|Posted by Noreen Kruzich on November 30, 2010 at 11:19 AM|
In 2004, as a freelance writer for magazines I came across a story about a Indian legend of a rock nearby where I lived in Burnstown, Ontario along the Madawaska River. I had heard that some people believed a standing stone was shaped from an Indian maiden as she died wrought with a broken heart. She was an Algonkin Chief's daughter who had fallen in love with an Iroquois man, and the Chief would not hear of it. Legend has it, her father cast her out of tribe and into the wilderness on her own. Her lover was killed.
As I researched this legend, as legend are not founded in facts, I could only come by handed down stories. This is where I met with a woman who was mesmerized by the rock and by the legend. She was a local artist, and had painted the rock depicting it in various fashions and mediums. While in an interview with her, I felt the my story shift, change form...for I had learned her passion came from a greater scope. She had only recently, in her grandmother age, found out she was of Algonkin descent for she had always been told she was French. She told me her father lived and died and never knew he was Algonkin. This had a great impact on her, for she always felt a part of her was denied...but didn't really know how. After finding out about her heritage, it all fell into place--- her coarse black hair, her facination with native ways etc.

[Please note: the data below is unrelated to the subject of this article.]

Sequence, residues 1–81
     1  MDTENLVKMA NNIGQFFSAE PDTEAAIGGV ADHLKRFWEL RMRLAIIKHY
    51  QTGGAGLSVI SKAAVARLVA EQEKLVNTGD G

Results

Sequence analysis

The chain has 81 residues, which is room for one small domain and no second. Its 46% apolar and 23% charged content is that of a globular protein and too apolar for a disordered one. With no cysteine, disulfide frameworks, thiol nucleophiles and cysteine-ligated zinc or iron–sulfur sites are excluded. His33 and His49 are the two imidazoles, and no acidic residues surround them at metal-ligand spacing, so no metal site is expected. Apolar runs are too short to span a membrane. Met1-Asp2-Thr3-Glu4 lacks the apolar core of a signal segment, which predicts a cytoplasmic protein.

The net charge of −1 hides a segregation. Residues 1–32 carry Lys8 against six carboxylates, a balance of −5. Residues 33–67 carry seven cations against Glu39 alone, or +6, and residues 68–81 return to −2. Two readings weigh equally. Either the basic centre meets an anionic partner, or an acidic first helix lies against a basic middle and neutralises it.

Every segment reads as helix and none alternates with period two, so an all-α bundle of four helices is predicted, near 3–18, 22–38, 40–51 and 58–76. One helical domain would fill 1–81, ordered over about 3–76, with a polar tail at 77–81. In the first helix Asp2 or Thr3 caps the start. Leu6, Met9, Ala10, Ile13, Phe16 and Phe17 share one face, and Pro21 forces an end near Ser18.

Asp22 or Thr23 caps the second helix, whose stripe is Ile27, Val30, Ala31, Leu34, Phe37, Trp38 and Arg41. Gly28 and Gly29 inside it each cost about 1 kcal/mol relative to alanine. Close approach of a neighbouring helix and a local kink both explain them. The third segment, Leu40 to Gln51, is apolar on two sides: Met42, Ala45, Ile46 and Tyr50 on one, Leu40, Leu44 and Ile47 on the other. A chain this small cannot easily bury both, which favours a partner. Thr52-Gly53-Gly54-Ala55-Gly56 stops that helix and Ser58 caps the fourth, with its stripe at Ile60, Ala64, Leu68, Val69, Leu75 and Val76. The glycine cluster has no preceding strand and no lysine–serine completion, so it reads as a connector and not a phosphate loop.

After speaking with her, I talked to more and more individuals throughout the Ottawa Valley only to find that they too were now uncovering their roots-- long hidden for fear of degradation. It pulled at me, and at the same time, the more I dug into the story-- the more I found. Most stiking, I found an Grand Algonkin Chief-- little know in history, if at all. While colonial fathers and explorers and loggers were being remembered, he seemed to be given no place in history. I couldn't let that be.
I was driven to tell his story...and seven years later it will be told.